“The word ‘listen’ contains the same letters as the word ‘silent.’” — Alfred Brendel

On the other hand, if you say “listen” out loud, you’ll notice that the “t” in it is silent. But “listen” is hardly an outlier when it comes to a silent letter. According to Ursula Duboarky, author of “The Word Snoop,” about 60 % of English words contain at least one silent letter, either at the beginning, somewhere in the middle or at the end. No words to waste, so let’s jump right into our alphabetic look at silent letters.

You’ll find a silent “a” a lot when you check the “aesthetic” as you “tread” the “bread aisle” in the supermarket.

“B” can be silent from womb to tomb, and other times it follows an “m.” Or when it precedes a “t,” as in “doubt” and “subtle” and “debt,” which comes from the Latin word “debitum.

After an “s” is when “c” is silent, as in “science,” “scissors” and  “muscle,” and also in “acquire” and “indict.”

If you ever were to talk about your “handsome Wednesday handkerchief” as you “pledge” a “hedge” to your garden club, you’d say nary a “d” out loud.


Our second vowel, “e,” keeps quiet frequently, including when it covers for “v” at the end of a word, as in “sleeve,” “leave” and “give,” imagine that.

As for when the letter “f” is silent, I’ll plead the fifth on that one. (For those of you who pronounce both “f’s” in “fifth,” Merriam-Webster actually lists “fith” as the preferred pronunciation of the word.)

The “g” clams up when it’s followed by an “n”  (gnarl, gnaw, gnat, sign and gnu) or an “h” (high, though, through and sigh).

The “h,” on the other hand, hushes up when it follows a “w’” (who, what, where, when, why) and at the beginning of certain words, including “heir,” “hour” and “honest,” and when it follows a “g” as in “light,” “bright” and “bough.”

If you conduct your “business” in a “suit” (“which in a decent orthographic system would be spelled ‘soot,’” according to Merriam-Webster), you’ll notice the “i” is silent.

Since there’s no good segue to “the ‘j’ in ‘marijuana’ is silent,” I’ll just stick it in here.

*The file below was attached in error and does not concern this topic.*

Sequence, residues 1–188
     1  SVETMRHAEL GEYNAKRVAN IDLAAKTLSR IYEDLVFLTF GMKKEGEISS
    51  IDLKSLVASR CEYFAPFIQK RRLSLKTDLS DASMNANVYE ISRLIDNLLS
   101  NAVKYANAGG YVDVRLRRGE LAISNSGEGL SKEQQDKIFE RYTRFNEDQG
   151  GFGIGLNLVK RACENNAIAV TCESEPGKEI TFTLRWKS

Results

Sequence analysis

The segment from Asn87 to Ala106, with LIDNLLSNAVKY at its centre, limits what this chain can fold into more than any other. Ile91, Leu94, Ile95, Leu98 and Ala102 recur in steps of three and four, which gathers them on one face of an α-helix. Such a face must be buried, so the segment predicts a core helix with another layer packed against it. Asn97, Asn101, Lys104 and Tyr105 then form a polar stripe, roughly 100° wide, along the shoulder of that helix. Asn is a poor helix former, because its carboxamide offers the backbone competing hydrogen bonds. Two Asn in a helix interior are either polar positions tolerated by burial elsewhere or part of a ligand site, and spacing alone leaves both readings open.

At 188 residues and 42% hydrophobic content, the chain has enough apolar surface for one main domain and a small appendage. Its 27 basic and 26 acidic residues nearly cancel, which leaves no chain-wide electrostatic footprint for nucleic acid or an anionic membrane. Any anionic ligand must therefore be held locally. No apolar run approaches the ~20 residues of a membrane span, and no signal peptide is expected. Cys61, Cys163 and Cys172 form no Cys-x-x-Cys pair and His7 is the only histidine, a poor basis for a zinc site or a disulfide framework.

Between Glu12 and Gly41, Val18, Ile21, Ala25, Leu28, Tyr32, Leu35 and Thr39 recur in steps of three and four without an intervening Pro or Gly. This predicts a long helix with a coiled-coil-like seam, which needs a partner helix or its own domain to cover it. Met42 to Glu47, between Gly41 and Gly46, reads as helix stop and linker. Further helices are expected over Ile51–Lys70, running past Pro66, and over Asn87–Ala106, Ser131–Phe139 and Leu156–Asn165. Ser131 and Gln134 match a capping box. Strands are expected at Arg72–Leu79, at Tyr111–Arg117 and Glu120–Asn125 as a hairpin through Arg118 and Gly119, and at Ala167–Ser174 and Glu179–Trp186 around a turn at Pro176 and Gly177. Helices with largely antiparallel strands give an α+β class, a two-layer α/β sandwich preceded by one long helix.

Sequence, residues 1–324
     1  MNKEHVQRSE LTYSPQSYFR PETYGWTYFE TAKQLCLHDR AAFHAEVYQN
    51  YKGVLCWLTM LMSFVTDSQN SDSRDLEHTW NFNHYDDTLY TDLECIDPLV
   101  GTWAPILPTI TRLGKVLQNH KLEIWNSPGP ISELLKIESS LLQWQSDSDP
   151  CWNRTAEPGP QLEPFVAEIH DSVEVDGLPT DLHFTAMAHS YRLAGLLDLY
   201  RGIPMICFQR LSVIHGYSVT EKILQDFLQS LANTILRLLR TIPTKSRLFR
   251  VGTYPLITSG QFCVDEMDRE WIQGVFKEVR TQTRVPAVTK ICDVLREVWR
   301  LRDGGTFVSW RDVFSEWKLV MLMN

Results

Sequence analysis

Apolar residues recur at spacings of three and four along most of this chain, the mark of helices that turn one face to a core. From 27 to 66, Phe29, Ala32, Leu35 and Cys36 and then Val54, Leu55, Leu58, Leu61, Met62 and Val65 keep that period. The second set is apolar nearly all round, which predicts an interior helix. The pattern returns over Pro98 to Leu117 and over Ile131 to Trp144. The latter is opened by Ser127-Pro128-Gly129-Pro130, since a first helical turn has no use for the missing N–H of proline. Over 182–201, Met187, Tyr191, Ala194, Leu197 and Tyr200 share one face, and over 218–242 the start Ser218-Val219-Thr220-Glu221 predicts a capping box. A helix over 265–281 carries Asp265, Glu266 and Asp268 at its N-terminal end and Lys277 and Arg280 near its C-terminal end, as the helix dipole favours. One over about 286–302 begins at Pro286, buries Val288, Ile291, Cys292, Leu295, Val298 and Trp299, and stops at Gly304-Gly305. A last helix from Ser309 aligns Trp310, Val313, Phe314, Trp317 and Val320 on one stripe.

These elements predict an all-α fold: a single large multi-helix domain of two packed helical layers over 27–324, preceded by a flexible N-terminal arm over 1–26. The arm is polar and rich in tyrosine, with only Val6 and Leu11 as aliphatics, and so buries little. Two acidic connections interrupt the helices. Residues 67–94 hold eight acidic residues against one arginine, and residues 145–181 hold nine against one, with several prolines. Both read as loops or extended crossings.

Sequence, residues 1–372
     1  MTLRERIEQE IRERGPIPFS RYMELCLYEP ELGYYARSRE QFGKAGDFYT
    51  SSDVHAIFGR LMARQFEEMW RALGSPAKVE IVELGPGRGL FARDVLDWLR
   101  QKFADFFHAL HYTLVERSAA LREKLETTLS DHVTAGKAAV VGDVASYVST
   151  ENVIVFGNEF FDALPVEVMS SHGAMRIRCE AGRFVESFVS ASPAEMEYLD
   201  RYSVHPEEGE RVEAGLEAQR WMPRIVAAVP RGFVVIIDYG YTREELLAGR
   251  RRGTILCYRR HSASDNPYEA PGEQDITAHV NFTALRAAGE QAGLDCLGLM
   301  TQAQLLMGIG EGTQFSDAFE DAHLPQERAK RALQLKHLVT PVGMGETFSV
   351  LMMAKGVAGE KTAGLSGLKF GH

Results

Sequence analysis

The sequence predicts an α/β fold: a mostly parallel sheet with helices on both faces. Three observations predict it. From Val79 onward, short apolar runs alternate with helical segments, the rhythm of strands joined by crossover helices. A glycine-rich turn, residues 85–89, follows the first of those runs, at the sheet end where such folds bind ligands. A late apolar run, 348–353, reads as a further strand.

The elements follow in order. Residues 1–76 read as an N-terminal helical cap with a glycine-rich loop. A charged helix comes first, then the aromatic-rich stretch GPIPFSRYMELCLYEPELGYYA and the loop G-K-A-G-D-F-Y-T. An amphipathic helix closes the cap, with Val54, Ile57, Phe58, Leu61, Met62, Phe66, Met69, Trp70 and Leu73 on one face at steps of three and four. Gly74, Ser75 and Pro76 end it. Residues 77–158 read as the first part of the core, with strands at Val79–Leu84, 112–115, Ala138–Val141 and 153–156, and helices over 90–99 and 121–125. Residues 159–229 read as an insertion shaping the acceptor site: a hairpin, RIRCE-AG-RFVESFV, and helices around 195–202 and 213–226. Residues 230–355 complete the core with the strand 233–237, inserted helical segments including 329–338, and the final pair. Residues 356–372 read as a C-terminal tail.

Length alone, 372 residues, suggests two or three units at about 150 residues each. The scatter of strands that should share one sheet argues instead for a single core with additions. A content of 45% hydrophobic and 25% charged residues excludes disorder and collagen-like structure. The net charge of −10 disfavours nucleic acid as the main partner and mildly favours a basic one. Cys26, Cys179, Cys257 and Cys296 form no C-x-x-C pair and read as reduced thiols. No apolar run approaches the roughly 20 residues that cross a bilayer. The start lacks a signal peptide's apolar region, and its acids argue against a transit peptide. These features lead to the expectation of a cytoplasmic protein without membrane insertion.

Did you ever notice that if you remove the silent “k” from “knee,” “knight,” “knit” and “knob,” they’re all still words? (“Nob” is a British person of high social position).

If a colonel could walk by a palm with half a calf, you’d see that “l” is silent when it follows certain vowels.

“M” keeps quiet in “mnemonic.” I also found a sign on the internet that warns “Be careful when following the masses. Sometimes the M is silent.”

Like “b,” “n” is not pronounced when it follows an “m,” as in “autumn,” “column,” “solemn” and  “limn” (to describe or highlight something).

OK, “o” is silent a lot when “enough” “rough” and “tough” “people” know that a “leopard” can put you in “jeopardy.”

“P” goes unspoken when it precedes “n” (pneumatic, pneumonia) or “s” (psalm, psychology) or in “pterodactyl.”


“Q,” on the other hand, minds its P’s and Q’s only in “lacquer.”

“R” is silent in “February” and “forecastle” (the forward part of a ship; pronounced “fok-sel”).

“S” is hushed in “aisle,” “isle,” “island” and “debris.”

And “t” remains mum if you “whistle” in the “castle” while you watch the “ballet.”

“U” keeps quiet after a “g” (dialogue, guard, guess and tongue). By the way, when I typed “catalogue,” my computer suggested the spelling “catalog” because my “document local is set to American English.” Who knew?

The letter “v” is silent only when . . . uh . . . I got nuthin. . .  The general understanding is that “v” is the only letter not found to be silent in any word in our language, but I will stand by my contention that the “v” is silent in “savvy” — the second “v” that is.


As we know, “w” is silent when it comes before “r” — think “write,” “wrong” and “wrangle” — but it can also hush itself in other words including: “Who” cut this “whole” watermelon in “two” with a “sword”? “Answer” me!

“X” goes unspoken in the French loanwords “faux” and “faux pas,” and changes its pronunciation completely in “xylophone” and drugs including “Xanax” and “Xarelto.”

The folks at Merriam-Webster argue that “beyond” would be just fine without its “y.”

And finally, “z” knows enough to keep quiet as I sneak off to my “rendezvous” at “chez” cafe.

Jim Witherell of Lewiston is a writer and lover of words whose work includes “L.L. Bean: The Man and His Company” and “Ed Muskie: Made in Maine.” He can be reached at jlwitherell19@gmail.com.

Comments are no longer available on this story

filed under: